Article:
The whole arbitration process in baseball baffles me. I understand the basic concepts. After a player has reached a certain amount of service time, he’s not quite at the mercy of the team when it comes to contract figures. If the two sides can’t reach an agreement, they bring their case to an arbitrator. The team and the player submit salary numbers they think is fair, they argue their case, and the arbitrator picks one. That about right? Naturally, neither side really wants to get to that point. It can be ugly. After all, the whole point is to make the other side look like a worthless liar. That’s not always easy to do.
Take the case of the Giants and Tim Lincecum. He’s been in the league for two full seasons. In those two seasons, he’s won two Cy Young awards. What exactly is the Giants argument? “Um…yeah. He’s been voted the best pitcher in the league every year he’s been with us. But, um…he’s still pretty young.” That’s it. The whole argument is that he’s not old enough to make that much money. When you compare him to other pitchers with two years of experience, he should make less. So, even though CC Sabathia makes over $20 million a year without winning a Cy Young, Lincecum loses out because he’s young? He’s not worth half that? Weird. Otherwise the Giants need to find every fault they can to tear him down. He’s small. He may get hurt. He doesn’t shower. Whatever they can find. It’s mudslinging at its worst.
Of course, the Red Sox counterpart to Lincecum is Jonathan Papelbon. Papelbon has decided that he needs to make as much money as he can. He assumes that the best way to do that is by signing a series of one-year deals. No long-term discounts for him. He’s assuming that he won’t get hurt, and won’t fall back in his performance. He’s certainly entitled to make as much money as he can, even if I think he’s going about it the wrong way. The Red Sox avoided the actual arbitration hearing, as Theo always does, by signing him to a deal beforehand. It was a record for a reliever with his experience, and about $9.5 million. This is remarkable for a couple reasons. Again, that whole experience thing comes in. Sure, he’s an all-star closer, but he doesn’t get to make what other all-star closers make. He gets to make what other young closers make. Just odd.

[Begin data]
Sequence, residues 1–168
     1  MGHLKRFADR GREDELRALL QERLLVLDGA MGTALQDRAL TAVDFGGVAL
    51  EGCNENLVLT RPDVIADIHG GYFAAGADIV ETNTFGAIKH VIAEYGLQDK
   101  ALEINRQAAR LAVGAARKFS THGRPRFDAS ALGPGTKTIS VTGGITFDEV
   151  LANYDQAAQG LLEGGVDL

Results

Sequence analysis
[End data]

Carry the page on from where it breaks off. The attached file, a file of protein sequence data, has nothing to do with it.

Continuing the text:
The other amazing thing is that Theo Epstein and the Red Sox gave a closer $9.5 million for a year. Isn’t this the group who said you didn’t need a closer? Isn’t this the group that tried a closer by committee? And they just gave a closer almost $10 million? Wow! I think this might be a case where the process actually hurt the team. I’m guessing that the Sox didn’t want to pay him anywhere near that kind of money. But, if they go to arbitration, it’s out of their hands. They can submit the $5 million they’d like to spend, but if the arbitrator picks Pap’s number, that’s it. If they want him on the team, they need to cower to his demands.
Imagine if they used that money for Jason Bay instead.